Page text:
Wednesday, July 31, 2019

Word of the day: Talaq

Uttering the word three times to divorce one’s wife is now a criminal offence. The Triple Talaq bill passed easily in the Rajya Sabha thanks to MIA Opposition leaders. There were 56 abstentions. JD (U), AIADMK and TRS went missing en masse at the time of voting—as did 23 other individual members of Congress et al. Point to note: Triple talaq has been illegal since 2017 thanks to a Supreme Court order. This bill makes it a crime which carries a jail term up to three years. (Read: Broadsheet’s explainer on why many oppose this law)

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The biggest news story today, explained.

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The death of VG Siddhartha

The owner of India’s largest cafe chain has been missing since Tuesday. His body was finally found this morning after an extensive search. He appears to have committed suicide.


Who is VG Siddhartha? Born in Chickmagaluru, the Cafe Coffee Day founder has long been considered one of the great success stories of Indian entrepreneurship. In 1996, he set up the first CCD in Bangalore, and the iconic chain has since grown to include 1,423 cafes in 209 locations. He was also the son-in-law of SM Krishna, the former Karnataka CM and member of the UPA Cabinet (who defected to the BJP in 2017). Siddhartha was widely liked and considered a good-natured, soft-spoken man.


So what happened? On Tuesday, on his way to Mangalore, Siddhartha got out his car on a bridge and told the driver to park ahead as he wanted to take a walk. But when he failed to turn up, the driver sounded the alert. The suspicion was that Siddhartha had jumped off the bridge. An extensive search involving Navy divers finally led to the discovery of his body early this am. He was found on the banks of the Netravati river which flows under the bridge.


So why did he commit suicide? Before his death, Siddhartha wrote a letter to the CCD board which hints at the pressures on him. These included:

  • Personal debt. He owed Rs 2000 crore in loans taken to invest in his coffee plantation business. Sources close to him told Mint, “The business was not generating enough cash to service the outstanding debt, which had ballooned because of accruing interest, forcing him to borrow again and again, often at a higher cost to pay existing creditors. However, given the tight liquidity conditions in the market, he was having trouble raising fresh debt.”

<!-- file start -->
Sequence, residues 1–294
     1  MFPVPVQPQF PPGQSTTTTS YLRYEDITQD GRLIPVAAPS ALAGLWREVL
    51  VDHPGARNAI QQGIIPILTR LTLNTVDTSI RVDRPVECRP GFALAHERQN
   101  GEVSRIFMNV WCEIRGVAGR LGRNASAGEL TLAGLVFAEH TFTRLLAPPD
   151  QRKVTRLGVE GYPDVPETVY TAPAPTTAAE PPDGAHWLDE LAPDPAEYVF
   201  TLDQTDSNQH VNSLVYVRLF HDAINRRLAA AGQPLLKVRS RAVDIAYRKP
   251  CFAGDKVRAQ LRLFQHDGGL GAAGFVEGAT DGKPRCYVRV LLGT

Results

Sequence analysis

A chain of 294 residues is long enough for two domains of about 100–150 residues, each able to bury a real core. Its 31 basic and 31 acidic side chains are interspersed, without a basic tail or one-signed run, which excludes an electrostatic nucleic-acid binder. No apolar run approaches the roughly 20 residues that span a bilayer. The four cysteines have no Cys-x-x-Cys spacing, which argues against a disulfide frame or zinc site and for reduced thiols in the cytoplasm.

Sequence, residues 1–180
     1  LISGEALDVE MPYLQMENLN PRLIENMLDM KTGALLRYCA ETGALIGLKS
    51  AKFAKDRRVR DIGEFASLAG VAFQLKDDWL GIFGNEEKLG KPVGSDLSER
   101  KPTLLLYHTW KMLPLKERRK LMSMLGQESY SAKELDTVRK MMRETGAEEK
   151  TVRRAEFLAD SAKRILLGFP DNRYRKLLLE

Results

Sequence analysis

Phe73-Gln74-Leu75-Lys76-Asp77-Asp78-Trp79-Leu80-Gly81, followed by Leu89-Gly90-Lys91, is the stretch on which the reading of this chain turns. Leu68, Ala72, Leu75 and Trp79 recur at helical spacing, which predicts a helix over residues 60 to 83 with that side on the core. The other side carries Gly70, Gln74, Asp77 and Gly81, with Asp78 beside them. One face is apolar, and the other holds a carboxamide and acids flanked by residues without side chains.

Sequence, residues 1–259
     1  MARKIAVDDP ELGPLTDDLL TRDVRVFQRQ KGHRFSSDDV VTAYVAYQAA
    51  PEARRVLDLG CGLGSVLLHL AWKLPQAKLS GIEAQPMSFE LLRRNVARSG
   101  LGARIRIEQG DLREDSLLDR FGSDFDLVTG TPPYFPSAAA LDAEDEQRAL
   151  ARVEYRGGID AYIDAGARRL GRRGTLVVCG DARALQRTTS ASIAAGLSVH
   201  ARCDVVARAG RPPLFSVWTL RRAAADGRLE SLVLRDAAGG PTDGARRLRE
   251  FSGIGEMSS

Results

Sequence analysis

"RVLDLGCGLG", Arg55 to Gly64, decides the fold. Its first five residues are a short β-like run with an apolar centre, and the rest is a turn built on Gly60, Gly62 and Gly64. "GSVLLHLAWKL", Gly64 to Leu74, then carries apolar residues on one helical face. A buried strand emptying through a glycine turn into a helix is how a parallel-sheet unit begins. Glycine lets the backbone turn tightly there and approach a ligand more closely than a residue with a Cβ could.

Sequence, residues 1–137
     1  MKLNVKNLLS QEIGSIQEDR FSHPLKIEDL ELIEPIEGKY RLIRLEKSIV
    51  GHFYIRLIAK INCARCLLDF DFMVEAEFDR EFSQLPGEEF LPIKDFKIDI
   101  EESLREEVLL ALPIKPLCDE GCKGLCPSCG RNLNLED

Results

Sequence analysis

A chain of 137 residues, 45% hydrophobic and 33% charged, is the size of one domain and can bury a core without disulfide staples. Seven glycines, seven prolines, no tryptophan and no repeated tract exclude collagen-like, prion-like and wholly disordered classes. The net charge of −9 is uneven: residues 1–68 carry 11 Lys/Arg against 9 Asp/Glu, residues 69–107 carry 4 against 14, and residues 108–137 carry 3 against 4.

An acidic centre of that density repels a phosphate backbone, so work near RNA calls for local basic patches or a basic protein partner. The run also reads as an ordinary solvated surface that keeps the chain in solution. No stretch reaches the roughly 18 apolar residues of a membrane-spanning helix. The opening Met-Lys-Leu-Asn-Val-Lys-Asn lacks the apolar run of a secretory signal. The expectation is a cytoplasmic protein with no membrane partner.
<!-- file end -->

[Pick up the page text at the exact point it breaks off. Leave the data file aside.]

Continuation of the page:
• IT pressure. In 2017, income tax officials raided 25 locations including CCD offices and personal properties. They claim to have uncovered Rs 650 crore in hidden income. Siddhartha has been in IT trouble ever since. His last letter to the board cited “a lot of harassment,” specifically citing the department’s move to block his stake in Mindtree— which in turn led to “a serious liquidity crunch.” As experts point out, there was no good reason to block the sale—they could have seized the revenue from the sale instead.

  • Pressure from private equity partners: In his letter, Siddhartha also cited “one of the private equity partners forcing me to buy back shares, a transaction I had partially completed six months ago by borrowing a large sum of money from a friend.” After his disappearance, Kiran Mazumdar Shaw tweeted, "It seems to indicate that the private equity fund manager acted like a money lender and seems to have caused unbearable stress - needs to be investigated." 


To put it more simply: Siddhartha was stuck in a debt trap. He had a huge amount of compounding personal debt. His attempts to pay off the debt were blocked on one side by the IT department, and by private investors on the other. 


So what happens to CCD? With Siddhartha’s demise, market experts predict that the chain to be put up for sale. One likely buyer: Coca Cola which was already in talks to buy a stake.

Learn more: The Print reports on how Siddhartha achieved the meteoric success of CCD. Indian Express has an extended biography. Mint has the best coverage of the personal debt angle and his tax troubles. Economic Times looks at who will buy CCD. This older Business Standard story reports on Mindtree’s complaint alleging wrongdoing in Siddhartha’s sale of its shares.

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wondering if you prefer a rosogolla to a rasagola

BJP finally junks Kuldeep Singh Sengar: The CBI probe didn’t do the trick in the Unnao rape case. Neither did the death of the rape survivor’s father. Nope, not even the fact that the accused MLA is currently in jail awaiting trial. However, the whole truck-gone-suspiciously-wild was far too much for the BJP to bear. They have finally suspended (not sacked) their man in Bengermau, UP. The first rule of Indian politics: Dude, ‘criminal’ is okay, but ‘embarrassing’ is a big fat no-no! Well, unless the victim dies and the case is done and dusted… well then, who knows? In related news: Sengar routinely made threatening phone calls to the victim and her family in jail. Also: Witnesses say the truck was speeding on the wrong side of the road in heavy rain—and one number plate was blacked out.


Anheuser Busch banned in Delhi: The world’s biggest brewing company—and the maker of beers like Budweiser, Hoegaarden and Stella Artois—has been banned in Delhi for an excise tax evasion scam involving duplicate barcodes. (Reuters)